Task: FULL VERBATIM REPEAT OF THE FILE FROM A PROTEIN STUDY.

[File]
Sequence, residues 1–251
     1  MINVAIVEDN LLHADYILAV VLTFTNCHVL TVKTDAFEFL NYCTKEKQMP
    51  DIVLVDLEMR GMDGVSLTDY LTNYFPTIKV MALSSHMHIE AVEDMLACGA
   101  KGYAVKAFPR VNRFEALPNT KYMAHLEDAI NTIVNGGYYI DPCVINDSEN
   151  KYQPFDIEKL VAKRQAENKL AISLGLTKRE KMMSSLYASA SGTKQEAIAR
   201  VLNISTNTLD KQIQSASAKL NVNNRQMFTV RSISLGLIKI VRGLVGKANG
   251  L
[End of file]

Sequence, residues 1–251
     1  MINVAIVEDN LLHADYILAV VLTFTNCHVL TVKTDAFEFL NYCTKEKQMP
    51  DIVLVDLEMR GMDGVSLTDY LTNYFPTIKV MALSSHMHIE AVEDMLACGA
   101  KGYAVKAFPR VNRFEALPNT KYMAHLEDAI NTIVNGGYYI DPCVINDSEN
   151  KYQPFDIEKL VAKRQAENKL AISLGLTKRE KMMSSLYASA SGTKQEAIAR
   201  VLNISTNTLD KQIQSASAKL NVNNRQMFTV RSISLGLIKI VRGLVGKANG
   251  L